Friday, 21 November 2008
Wednesday, 19 November 2008
- The average consumer only receives just over 10 spam messages per day - for some reason this seems low.
- 90% of consumers do not take active steps to stop spam. I cannot decide if this is good for legitimate marketers or not. On the one hand this increases clutter in the inbox but this also means that we do not have to worry about our opted-in readers accidentally creating false positives. I would be interested to hear your thoughs on this.
- Spam still works - 14% of respondents admitted to having clicked on a spam.
One of my concerns however is how they defined spam. As we all know there is the legal definition and the consumer's definition. Consumers think any message that is not relevant is spam. So this begs the question, "how many of the 10 spam messages per day are legitimate emails that the respondents opted-in to receive?"
Thursday, 13 November 2008
The interesting thing is that we have come full circle. In the early days of email it was a free for all but people quickly realised that email was all about getting the right message to the right people at the right time. It was the last part that caused all of the worry.
How would we as marketers know when somebody was likely to be receptive to our message? So, we assumed that all consumers care about is the weekend and applied some "logic" about their behaviour as it related to the weekend and decided Wednesday would be the best day to send.
Some of the more clever email marketers realised that if every body was sending on a Wednesday it would be too hard to achieve cut-through so they overlaid this thought with the previous thinking on the importance of the weekend and said Tuesday was better (although some argued for Thursday).
Throughout the Great Day of the Week Debate, individually we struggled to answer the question, "I have changed to the 'optimal' day and my results have gone down." Luckily as marketers we had a ready made answer to this dilemma. "Maybe our customers are different. We should test it." These individual conversations eventually lead to a groundswell until most everybody was in agreement that we should rigorously test for the optimal day of the week and hey, let's throw in time of day as well.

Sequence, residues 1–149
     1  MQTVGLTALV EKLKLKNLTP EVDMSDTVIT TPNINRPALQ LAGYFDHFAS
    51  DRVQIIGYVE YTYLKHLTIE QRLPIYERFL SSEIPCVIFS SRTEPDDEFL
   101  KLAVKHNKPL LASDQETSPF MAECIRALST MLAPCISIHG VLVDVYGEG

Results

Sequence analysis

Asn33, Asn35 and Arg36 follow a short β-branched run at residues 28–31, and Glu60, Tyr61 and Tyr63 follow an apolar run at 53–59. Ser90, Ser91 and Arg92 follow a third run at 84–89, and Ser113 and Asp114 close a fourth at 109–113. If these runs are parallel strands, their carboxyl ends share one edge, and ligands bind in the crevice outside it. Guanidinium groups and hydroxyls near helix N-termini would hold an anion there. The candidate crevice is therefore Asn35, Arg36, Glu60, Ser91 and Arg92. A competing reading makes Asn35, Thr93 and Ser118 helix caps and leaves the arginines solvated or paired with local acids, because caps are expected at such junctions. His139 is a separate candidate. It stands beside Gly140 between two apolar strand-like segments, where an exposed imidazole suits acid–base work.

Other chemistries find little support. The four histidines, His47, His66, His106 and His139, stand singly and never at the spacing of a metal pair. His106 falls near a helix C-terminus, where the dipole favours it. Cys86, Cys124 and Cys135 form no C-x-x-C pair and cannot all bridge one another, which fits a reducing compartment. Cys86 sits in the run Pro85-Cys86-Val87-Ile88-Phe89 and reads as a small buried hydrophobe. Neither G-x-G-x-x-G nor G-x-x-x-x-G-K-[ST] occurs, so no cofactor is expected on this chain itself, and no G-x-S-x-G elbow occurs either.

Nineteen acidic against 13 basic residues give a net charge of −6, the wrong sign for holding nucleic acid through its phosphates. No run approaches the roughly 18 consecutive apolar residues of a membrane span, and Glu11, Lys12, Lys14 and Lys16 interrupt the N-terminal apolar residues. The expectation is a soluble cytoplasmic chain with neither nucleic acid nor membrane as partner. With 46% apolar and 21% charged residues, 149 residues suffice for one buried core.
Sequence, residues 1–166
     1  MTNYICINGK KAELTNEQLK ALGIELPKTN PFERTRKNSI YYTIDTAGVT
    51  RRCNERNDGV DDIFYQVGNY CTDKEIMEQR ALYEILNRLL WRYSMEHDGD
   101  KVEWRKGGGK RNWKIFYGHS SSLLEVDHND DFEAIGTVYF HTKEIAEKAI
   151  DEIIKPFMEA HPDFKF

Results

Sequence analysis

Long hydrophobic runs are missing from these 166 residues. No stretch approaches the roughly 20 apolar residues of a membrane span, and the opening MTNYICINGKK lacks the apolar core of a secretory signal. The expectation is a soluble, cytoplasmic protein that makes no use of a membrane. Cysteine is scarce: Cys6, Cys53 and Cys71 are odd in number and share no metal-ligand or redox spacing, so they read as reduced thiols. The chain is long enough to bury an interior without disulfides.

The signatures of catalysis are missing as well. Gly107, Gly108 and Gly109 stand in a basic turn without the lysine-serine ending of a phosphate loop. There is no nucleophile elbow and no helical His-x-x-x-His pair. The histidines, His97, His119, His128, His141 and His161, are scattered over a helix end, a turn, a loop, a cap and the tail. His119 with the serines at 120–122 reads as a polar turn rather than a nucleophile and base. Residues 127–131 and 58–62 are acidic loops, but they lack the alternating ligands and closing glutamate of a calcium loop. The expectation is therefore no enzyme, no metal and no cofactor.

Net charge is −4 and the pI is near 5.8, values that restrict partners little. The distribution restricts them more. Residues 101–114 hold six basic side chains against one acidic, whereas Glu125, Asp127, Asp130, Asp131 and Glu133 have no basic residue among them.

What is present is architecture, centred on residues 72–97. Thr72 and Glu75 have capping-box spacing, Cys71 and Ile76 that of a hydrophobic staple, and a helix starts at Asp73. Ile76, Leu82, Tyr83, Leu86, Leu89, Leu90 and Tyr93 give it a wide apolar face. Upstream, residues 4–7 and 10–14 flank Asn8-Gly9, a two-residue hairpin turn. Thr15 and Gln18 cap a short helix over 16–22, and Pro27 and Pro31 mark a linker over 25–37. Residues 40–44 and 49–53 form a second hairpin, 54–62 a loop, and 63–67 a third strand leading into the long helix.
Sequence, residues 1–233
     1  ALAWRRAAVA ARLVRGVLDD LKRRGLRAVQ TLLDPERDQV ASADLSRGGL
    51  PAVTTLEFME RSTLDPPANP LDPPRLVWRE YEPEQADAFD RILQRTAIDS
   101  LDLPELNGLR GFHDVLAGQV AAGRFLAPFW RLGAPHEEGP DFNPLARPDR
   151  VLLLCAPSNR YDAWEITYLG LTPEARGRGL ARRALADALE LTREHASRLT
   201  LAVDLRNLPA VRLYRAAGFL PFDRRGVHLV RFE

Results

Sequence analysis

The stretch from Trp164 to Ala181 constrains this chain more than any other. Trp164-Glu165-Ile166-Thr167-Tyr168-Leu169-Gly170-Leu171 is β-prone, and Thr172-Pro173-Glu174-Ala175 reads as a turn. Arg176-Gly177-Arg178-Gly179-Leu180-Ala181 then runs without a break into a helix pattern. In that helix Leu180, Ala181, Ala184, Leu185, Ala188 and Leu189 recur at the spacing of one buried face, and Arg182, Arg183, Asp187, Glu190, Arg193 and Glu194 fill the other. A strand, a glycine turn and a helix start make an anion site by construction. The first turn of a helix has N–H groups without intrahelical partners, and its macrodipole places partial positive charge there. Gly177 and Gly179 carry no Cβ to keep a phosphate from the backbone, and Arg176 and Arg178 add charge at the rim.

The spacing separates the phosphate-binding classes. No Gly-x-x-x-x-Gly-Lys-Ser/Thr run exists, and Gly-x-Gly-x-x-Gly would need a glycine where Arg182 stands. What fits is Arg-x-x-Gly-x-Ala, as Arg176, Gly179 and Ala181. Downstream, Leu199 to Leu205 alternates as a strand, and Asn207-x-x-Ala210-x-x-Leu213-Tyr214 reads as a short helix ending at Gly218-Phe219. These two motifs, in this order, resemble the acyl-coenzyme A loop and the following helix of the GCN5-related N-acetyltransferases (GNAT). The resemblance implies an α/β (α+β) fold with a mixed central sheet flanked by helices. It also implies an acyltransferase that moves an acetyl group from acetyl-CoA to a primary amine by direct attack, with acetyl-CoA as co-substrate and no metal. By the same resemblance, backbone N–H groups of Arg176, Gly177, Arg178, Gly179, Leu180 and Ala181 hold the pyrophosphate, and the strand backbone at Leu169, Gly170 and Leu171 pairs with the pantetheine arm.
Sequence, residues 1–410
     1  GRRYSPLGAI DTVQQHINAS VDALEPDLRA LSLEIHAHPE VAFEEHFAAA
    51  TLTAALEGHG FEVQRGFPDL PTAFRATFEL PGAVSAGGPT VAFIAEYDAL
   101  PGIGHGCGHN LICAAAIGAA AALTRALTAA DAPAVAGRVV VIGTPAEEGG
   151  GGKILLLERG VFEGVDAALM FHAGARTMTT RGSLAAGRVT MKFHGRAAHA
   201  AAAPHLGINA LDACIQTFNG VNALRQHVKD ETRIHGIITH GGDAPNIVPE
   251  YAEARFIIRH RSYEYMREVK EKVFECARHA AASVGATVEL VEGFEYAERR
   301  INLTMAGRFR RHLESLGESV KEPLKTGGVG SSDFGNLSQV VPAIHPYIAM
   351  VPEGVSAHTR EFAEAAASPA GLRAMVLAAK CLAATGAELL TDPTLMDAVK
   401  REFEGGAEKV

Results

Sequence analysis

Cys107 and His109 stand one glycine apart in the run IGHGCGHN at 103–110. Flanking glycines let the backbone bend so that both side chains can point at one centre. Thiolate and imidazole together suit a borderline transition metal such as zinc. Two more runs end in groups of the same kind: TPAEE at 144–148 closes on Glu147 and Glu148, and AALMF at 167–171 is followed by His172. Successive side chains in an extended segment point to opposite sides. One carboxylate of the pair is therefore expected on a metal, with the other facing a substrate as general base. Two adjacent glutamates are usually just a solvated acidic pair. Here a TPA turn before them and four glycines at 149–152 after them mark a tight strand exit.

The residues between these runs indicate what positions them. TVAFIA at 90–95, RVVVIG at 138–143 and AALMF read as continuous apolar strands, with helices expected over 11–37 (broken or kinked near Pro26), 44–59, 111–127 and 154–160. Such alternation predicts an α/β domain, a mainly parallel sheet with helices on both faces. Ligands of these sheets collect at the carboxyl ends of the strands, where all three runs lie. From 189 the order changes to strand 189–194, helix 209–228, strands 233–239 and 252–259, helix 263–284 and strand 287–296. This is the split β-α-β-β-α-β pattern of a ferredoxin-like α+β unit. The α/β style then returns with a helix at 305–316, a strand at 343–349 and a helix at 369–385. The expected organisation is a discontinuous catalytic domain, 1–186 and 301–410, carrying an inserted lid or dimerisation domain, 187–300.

What we never understood was why. Now the why is not important if your customer base is homogeneous, but it is if you have more than one customer. The why allows us to understand the behaviours of different segments and target them appropriately.
A standard day of week test randomly puts your readers into buckets so you end up identifying the optimal day based on the average. This would hide the fact that your most profitable segments might respond better at other times. In fact, the optimum time identified by the test may turn out to be rubbish.
By looking at day of week by segment we can optimise the response across the board. I know you are thinking: "Wait a minute. By looking at this on a segment level the sample sizes would be too small to be statistically significant." This is where I am going to pick up a string of thought proposed by Dela Quist of Alchemyworx. Dela has never been a fan of the organised day of week test. He proposes that if you look back over the past twelve or twenty four months you will have probably sent on each day of the week. There are some hazards to this approach but if you were to structure your testing going forward where launch each segment on the same day over the next seven campaigns you would be able to normalise for any outside influences.